I am hardly the most politically correct person on earth. I know that many people are uncomfortable with who Dave and Rob are, and what they did last week. But I also know that they are two of the most remarkable people I have ever met. They are hot, hilarious and full of wisdom, and their goodness is extraordinary. A minute after meeting them, you feel you have known them all your life.  They are the best hello and the hardest goodbye.  Because of them, I know that I will always have a home, no matter what happens or where I am. Because of them, I know that family is not merely defined by blood. Because of them, I know that the people who are the least like you may be the people you have the most in common with. So while I understand this is a sensitive topic, I do not understand how you can look at Dave and Rob and say they deserve less than what we all have.

Dave and Rob, I love you and wish you a lifetime of happiness. You have made my life better in countless ways — and saved it more than once.

44 to Go

Royal-T

Fine. I admit it. I CARE about the royal wedding. Sue me! Abdicate me! De-knight me! Why, I cannot not tell you. I’m not British. I don’t like scones. I find the Windsors to be largely unfortunate-looking. I can only imagine that it feeds into my fantasy of becoming famous for doing absolutely nothing. But yes, I plan on being among the 2 billion televisual wedding crashers.

Given this, you may or may not understand the following. But when I saw footage of Kate and her sister Pippa driving from Buckleberry to London in advance of the big day, I couldn’t help myself. Uncontrollably, I envisioned my sister and myself in the same situation. Because – and ONLY because – I am older, I will play the Kate role and Jamie will channel Pippa.

Setting: Interior of a luxury sedan as it moves painfully slowly through the British countryside.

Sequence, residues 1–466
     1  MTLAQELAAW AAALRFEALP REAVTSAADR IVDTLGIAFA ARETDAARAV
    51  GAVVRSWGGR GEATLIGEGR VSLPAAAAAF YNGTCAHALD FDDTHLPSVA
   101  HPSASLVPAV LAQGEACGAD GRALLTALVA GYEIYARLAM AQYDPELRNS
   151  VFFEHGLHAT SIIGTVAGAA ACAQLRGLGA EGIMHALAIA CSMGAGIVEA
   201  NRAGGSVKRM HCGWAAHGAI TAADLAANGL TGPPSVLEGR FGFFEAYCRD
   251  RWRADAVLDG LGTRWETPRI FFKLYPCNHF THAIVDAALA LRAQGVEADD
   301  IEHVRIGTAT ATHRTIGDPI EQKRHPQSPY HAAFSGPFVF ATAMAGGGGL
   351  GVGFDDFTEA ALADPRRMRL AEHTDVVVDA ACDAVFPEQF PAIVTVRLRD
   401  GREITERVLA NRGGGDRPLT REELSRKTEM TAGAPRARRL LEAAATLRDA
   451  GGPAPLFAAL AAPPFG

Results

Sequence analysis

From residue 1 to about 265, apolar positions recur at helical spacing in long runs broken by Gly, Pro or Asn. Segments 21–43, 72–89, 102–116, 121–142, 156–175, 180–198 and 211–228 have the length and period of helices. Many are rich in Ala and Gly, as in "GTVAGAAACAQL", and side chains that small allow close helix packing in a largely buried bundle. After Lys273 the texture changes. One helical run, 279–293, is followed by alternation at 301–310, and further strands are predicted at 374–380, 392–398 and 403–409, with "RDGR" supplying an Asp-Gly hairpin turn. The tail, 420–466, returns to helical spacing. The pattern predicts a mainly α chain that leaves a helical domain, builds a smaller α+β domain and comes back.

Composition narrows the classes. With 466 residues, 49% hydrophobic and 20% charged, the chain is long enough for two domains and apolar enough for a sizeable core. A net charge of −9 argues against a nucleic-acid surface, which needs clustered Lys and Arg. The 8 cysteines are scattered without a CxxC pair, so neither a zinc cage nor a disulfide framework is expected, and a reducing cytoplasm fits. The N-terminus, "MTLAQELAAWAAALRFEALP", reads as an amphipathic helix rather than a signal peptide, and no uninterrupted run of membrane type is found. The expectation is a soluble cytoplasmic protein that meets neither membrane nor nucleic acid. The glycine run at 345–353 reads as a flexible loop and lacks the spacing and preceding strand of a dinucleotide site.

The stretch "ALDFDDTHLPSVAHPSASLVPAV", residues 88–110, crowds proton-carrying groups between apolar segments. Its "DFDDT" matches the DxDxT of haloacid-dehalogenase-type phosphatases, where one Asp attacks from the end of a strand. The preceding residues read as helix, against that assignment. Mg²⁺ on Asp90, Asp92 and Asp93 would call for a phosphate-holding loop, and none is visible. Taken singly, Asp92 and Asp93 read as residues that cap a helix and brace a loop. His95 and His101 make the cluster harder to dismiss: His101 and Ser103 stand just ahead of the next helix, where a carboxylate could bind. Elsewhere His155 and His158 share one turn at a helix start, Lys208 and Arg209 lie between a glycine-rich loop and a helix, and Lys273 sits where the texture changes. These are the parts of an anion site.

PippaJamie: Uch can you drive ANY slower?! You’re going to miss the wedding!

KateTraci: Sorry! I haven’t driven in 10 years and they seem to have moved the steering wheel to the other side. Do you think I’m going to throw up?

PippaJamie: You are SO annoying.

KateTraci: I have a stomachache. What if it’s Ebola?

PippaJamie: You ALWAYS have a stomachache. It’s not Ebola. It might be Fifth’s Disease though.

KateTraci: [tearing up] I’m sorry! I’m nervous!

PippaJamie: I’m sorry. I know it’s stressful. But just think, after the wedding, you’ll never be allowed to poop again! So, how do you think I should wear my hair?

KateTraci: Half-up. Seriously, do you think that pub has a clean bathroom?

PippaJamie: No. Just crap in your wrap dress. Do you think my butt looks Large Marge in that acqua Valentino dress?

KateTraci: No. Do you think my head looks Large Marge in that fascinator?

PippaJamie: No. Will I get fat if I eat that clotted cream?

KateTraci: No. Do you think Jan will be on time to the hair appointments?

PippaJamie: No. She’s still ranting about how the Queen of Sweden only gave you $1000.

KateTraci: I know, I know. But that was real nice of Elton John to offer to perform, right?

[Car phone rings]

CaroleJan: No. It wouldn’t have killed him to cough up a gift. He’s loaded. And you know something? It was a slap in the face for Diana not to show up to your shower. [insert unintelligible Yiddish]

PippaJamie: [very excited] Omigod be quiet I LOVE this song.

KateTraci: I hate this song. It’s so grunge. You’re so bossy.

PippaJamie: [turns up volume and sings along to Nirvana-esque lyrics performed at 78 decibals: I hate myself I hate my life I kill mahself I kill mah wife …]

KateTraci: That is so not fair! It’s my wedding! In any other family I would pick the driving music!

[Fatherly voice on car phone]

MichaelLew: Relax, both of you! I am not getting in the middle of this! Do you have cab fare?

PippaJamie: I’ll take a twenty.

KateTraci: [sighs] Yeah, okay, I guess I’ll take one too.

Royal-T

It’s the Bed, Stupid

There are few things more annoying than suffering from perma-insomnia when the person who shares your bed can fall asleep a mere nanosecond after pillow contact.  I’m not pointing the finger (Keith), I’m not accusing anyone (Keith), I’m not naming names (Keith). I’m just sayin’ …

I don’t remember a stretch of time when it was easy for me to fall asleep.  Jan will happily tell you what a “poor” sleeper I was as a baby.  I couldn’t sleep when I was a Brownie.  I couldn’t sleep when I had mono. I couldn’t sleep under the influence of Ambien or Xanax.  The one disease I don’t worry about? African Sleeping Sickness.